I want to give a shout out to all the local officials, rural co-ops, public power operators, and investor owned utilities leading on climate change: It’s clear that you act not just because it’s reasonable, but because it’s the right thing to do for the people you serve. Governors and mayors of all stripes are leaning into climate action. They see it not as a partisan obstacle, but as a powerful opportunity. And we know that success breeds success. Those of us who’ve worked in state and local government have seen healthy competition push states to share ideas and expertise. That’s when everybody wins.

    EPA has had a longstanding partnership with states to protect public health. We set goals, and states are in the driver’s seat to meet them. So releasing the Clean Power Plan shifts the conversation to states. If you’re a teacher, scientist, mechanic, business person-or just someone with a good idea-share your thoughts with your state leaders. Help them see how they can build a plan that will better our future.

    I know people are wondering: can we cut pollution while keeping our energy affordable and reliable? We can, and we will. Critics claim your energy bills will skyrocket. They’re wrong. Any small, short-term change in electricity prices would be within normal fluctuations the power sector already deals with. And any small price increase-think about the price of a gallon of milk a month-is dwarfed by huge benefits. This is an investment in better health and a better future for our kids.

    In 2030, the Clean Power Plan will deliver climate and health benefits of up to $90 billion dollars. And for soot and smog reductions alone, that means for every dollar we invest in the plan, families will see $7 dollars in health benefits. And if states are smart about taking advantage of efficiency opportunities, and I know they are, when the effects of this plan are in place in 2030, average electricity bills will be 8 percent cheaper.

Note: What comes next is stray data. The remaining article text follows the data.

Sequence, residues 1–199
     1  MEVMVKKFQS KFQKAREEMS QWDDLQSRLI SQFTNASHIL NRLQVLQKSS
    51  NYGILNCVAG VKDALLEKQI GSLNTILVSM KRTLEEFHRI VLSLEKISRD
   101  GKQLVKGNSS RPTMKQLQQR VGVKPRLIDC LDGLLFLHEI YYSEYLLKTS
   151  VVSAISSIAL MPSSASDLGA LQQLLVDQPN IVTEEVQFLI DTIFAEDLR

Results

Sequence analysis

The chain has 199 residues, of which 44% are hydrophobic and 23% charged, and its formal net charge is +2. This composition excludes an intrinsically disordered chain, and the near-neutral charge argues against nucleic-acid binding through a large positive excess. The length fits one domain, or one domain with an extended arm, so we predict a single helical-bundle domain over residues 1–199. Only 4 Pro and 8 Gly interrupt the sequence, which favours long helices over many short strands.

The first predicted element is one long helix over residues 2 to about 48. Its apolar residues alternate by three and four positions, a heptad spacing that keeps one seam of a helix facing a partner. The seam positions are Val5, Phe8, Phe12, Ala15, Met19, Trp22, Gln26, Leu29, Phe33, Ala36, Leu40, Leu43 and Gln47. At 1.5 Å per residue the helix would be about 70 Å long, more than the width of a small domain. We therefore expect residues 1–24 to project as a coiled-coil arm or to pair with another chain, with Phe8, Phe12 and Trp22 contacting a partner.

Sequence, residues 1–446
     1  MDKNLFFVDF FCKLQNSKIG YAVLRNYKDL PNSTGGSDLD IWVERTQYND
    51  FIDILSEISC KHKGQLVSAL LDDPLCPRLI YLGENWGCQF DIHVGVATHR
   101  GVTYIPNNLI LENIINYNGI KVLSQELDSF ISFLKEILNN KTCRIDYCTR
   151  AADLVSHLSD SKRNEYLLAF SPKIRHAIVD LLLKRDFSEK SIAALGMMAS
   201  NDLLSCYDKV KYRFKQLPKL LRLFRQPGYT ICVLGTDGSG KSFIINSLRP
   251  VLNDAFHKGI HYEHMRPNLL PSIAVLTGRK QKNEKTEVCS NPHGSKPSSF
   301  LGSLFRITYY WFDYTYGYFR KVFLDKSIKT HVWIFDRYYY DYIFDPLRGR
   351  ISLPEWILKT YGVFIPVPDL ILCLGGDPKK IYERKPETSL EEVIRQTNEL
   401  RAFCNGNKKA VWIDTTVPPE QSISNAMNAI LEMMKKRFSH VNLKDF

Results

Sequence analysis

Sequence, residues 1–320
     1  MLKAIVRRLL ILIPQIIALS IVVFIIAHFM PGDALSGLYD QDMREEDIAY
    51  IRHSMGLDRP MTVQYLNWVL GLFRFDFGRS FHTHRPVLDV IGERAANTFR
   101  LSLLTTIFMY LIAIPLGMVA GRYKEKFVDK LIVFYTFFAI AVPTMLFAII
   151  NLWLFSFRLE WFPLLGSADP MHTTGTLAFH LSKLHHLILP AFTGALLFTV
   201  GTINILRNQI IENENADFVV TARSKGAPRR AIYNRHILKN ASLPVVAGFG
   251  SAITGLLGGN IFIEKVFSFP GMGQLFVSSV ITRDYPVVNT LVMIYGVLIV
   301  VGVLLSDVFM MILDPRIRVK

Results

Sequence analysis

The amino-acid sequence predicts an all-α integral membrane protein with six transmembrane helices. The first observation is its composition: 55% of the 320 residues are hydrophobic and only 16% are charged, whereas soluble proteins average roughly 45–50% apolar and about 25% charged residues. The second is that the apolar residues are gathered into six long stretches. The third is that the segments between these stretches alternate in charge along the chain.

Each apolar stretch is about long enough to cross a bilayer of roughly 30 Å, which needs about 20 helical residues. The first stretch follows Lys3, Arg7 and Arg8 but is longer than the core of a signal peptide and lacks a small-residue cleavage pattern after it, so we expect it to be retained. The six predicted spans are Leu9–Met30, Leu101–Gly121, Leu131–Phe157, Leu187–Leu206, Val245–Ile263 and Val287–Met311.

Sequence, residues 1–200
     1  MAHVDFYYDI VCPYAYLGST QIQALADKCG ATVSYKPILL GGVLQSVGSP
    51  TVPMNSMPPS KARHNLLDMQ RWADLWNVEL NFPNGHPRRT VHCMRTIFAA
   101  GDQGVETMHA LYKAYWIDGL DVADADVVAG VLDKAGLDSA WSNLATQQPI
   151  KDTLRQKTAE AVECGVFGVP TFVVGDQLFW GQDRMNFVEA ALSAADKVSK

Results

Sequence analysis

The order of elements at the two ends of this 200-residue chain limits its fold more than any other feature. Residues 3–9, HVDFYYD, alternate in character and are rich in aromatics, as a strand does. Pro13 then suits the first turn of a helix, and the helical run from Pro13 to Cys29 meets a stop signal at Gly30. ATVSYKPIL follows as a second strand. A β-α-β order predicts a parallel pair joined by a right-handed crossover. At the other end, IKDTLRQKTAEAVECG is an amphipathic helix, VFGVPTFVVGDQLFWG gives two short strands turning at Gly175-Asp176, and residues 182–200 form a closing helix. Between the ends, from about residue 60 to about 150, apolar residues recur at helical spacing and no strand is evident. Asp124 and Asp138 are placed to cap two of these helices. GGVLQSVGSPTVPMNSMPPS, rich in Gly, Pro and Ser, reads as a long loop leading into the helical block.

This plan is a down payment on a more efficient, 21st century power system that cuts energy waste, cuts pollution, and cuts costs. It’s a proven path-a lot of states have been doing it for years. Think about it like this: we set historic fuel efficiency standards that will double the distance our cars go on a gallon of gas. That means you fill up less often, and save more money. Efficiency is a win for our planet and our pocketbooks. And given the astronomical price we pay for climate inaction, the most costly thing we can do; is to do nothing.

    The critics are wrong about reliability, too. For decades, power plants have met pollution limits without risking reliability. If anything, what threatens reliability and causes blackouts is devastating extreme weather fueled by climate change. I’m tired of people pointing to the Polar Vortex as a reason not to act on climate. It’s exactly the opposite. Climate change heightens risks from extreme cold that freezes power grids, superstorms that drown power plants, and heat waves that stress power supplies. And it turns out, efficiency upgrades that slow climate change actually help cities insulate against blackouts.

    Despite all that, there are still special interest skeptics who will cry the sky is falling. Who will deliberately ignore the risks, overestimate the costs, and undervalue the benefits. But the facts are clear. For over four decades, EPA has cut air pollution by 70 percent and the economy has more than tripled. All while providing the power we need to keep America strong. Climate action doesn’t dull America’s competitive edge-it sharpens it. It spurs ingenuity, innovation, and investment. In 2011, we exported almost 33 percent more cars than we did in 2009-a clear sign of a competitive industry. And our fuel efficiency standards strengthen that.